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Linus Torvalds Considering End To Linux 2.6 Series 293

An anonymous reader writes "With the Linux 2.6 kernel set to begin its 40th development cycle and the Linux kernel nearing its 20th anniversary, Linus Torvalds has expressed interest today in moving away from the Linux 2.6.x kernel version. Instead he's looking to change things up by releasing the next kernel as Linux version 2.8 or 3.0."
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Linus Torvalds Considering End To Linux 2.6 Series

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  • by Anonymous Coward

    That kind of version jump will show Microsoft and Apple that Linux now has professional marketing behind it.

  • by SilverHatHacker ( 1381259 ) on Monday May 23, 2011 @06:04PM (#36222318)
    I remember hearing somewhere that Linus said if he ever changed the first number, it meant he had snapped and rewritten it in Python.
  • Sure this is a site for nerdy news, but this literally has no impact on anything. It's just a number.
    • There is news in this given that he has previously made statements regarding his sanity should this day ever come...
    • but this literally has no impact on anything. It's just a number.

      I have seen scripts that look for "2.6" in the result of "uname -r". Those scripts are going to be broken.

    • I assumed a this change must indicate a major break in backwards compatibility or a risky technical leap, but Linus says no:

      There's also the timing issue - since we no longer do version numbers based on features, but based on time, just saying "we're about to start the third decade" works as well as any other excuse.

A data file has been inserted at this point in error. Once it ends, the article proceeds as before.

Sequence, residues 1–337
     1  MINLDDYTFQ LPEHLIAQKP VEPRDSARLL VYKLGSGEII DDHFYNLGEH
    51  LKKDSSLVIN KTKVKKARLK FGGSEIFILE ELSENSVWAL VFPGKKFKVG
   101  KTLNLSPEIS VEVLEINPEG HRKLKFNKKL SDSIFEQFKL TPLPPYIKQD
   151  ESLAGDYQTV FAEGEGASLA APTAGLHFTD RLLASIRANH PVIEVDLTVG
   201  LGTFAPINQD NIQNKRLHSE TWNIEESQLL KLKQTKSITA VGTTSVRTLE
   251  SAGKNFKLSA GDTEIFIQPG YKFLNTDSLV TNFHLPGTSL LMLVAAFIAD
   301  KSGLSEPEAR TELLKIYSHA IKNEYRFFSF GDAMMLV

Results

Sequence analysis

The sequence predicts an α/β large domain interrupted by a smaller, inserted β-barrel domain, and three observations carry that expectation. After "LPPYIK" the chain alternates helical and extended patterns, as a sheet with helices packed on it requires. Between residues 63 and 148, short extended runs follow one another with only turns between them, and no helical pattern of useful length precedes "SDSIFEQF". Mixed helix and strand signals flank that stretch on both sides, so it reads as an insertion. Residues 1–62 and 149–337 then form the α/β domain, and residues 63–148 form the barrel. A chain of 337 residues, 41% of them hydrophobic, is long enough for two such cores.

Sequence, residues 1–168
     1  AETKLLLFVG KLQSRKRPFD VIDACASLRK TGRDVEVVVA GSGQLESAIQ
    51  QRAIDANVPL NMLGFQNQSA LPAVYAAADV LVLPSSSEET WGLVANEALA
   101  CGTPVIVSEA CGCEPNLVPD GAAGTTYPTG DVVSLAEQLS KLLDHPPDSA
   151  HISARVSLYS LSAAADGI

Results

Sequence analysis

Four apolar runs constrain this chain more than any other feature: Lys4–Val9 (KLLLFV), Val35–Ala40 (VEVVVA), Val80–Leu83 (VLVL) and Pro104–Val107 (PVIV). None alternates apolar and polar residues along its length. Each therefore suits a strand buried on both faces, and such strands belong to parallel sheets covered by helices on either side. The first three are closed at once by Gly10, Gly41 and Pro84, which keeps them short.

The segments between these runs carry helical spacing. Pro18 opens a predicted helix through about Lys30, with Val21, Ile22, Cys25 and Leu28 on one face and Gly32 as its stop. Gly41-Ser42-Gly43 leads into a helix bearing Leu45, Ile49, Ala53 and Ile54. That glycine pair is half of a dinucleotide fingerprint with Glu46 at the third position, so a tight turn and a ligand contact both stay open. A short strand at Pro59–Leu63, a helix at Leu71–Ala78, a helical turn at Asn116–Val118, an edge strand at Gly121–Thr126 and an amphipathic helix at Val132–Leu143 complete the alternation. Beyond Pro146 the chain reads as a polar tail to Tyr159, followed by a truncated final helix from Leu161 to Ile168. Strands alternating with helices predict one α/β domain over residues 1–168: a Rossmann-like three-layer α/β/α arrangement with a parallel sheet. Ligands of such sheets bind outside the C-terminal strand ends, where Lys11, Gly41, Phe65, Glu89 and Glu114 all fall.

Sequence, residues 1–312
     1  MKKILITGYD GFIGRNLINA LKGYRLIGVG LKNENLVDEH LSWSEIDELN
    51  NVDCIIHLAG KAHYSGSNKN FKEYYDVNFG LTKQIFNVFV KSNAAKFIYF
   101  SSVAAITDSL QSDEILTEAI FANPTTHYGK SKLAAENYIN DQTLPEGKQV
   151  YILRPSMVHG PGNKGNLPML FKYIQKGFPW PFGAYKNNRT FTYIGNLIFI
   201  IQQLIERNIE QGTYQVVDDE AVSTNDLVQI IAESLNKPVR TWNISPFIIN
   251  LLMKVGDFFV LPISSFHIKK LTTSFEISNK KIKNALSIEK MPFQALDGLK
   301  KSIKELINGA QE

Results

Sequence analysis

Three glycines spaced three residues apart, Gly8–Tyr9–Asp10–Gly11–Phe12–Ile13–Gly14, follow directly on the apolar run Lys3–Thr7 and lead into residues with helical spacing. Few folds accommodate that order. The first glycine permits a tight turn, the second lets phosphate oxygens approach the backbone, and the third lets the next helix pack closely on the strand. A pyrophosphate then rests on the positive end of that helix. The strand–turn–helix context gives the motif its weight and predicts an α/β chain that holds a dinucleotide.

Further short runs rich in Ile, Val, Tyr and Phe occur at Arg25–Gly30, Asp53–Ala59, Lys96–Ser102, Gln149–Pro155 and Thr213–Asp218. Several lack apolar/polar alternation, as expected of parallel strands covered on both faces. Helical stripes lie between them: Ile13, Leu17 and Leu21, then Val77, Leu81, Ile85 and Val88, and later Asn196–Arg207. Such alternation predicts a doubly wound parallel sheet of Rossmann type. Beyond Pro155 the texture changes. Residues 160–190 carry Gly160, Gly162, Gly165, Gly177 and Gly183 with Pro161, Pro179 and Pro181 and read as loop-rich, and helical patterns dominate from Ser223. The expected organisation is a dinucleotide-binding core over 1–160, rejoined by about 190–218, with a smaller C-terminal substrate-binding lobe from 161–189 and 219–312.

• I generally change the minor number when something important has happened, but this are still compatible. And after all of the effort that they've gone through to finally remove the Big Kernel Lock, I think they deserve a new minor version number. It really is a very different architecture inside the kernel now as compared to the start of the 2.5 series.

    • doh! it's obviously after 5 pm here. That should read 'start of the 2.6 series.' oh well.... need beer....

  • It's just a number. Is there a real roadmap as to what 2.8 or 3.0 is slated to feature?

  • Why not 20YY.x (Score:5, Interesting)

    by jisom ( 113338 ) on Monday May 23, 2011 @06:08PM (#36222366)

    Why not make it 20YY.x where x is major release that year. and YY would be current 2 digit year. they been pushing releases every 3 months about.

    • Because for that you need apparently need alphabetical $ADJECTIVE.$ANIMAL names, and that kind of went flat with Zoot-suited Zebra in the 26th release.

    • Because there is overlap in kernel development. 2.4 continued to be actively supported and developed long since 2.6 was released. If you went with release date a 2.4.36 would look like a newer kernel then a 2.6.20.